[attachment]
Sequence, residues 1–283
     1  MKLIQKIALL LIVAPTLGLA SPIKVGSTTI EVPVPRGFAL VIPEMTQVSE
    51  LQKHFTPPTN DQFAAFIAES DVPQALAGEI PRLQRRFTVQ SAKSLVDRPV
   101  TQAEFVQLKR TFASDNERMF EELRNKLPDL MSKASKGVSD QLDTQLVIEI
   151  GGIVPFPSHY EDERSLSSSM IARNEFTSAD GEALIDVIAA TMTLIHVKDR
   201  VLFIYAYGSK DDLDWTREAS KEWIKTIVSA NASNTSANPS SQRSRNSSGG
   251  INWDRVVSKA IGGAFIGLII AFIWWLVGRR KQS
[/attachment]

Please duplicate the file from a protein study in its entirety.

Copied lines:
Sequence, residues 1–283
     1  MKLIQKIALL LIVAPTLGLA SPIKVGSTTI EVPVPRGFAL VIPEMTQVSE
    51  LQKHFTPPTN DQFAAFIAES DVPQALAGEI PRLQRRFTVQ SAKSLVDRPV
   101  TQAEFVQLKR TFASDNERMF EELRNKLPDL MSKASKGVSD QLDTQLVIEI
   151  GGIVPFPSHY EDERSLSSSM IARNEFTSAD GEALIDVIAA TMTLIHVKDR
   201  VLFIYAYGSK DDLDWTREAS KEWIKTIVSA NASNTSANPS SQRSRNSSGG
   251  INWDRVVSKA IGGAFIGLII AFIWWLVGRR KQS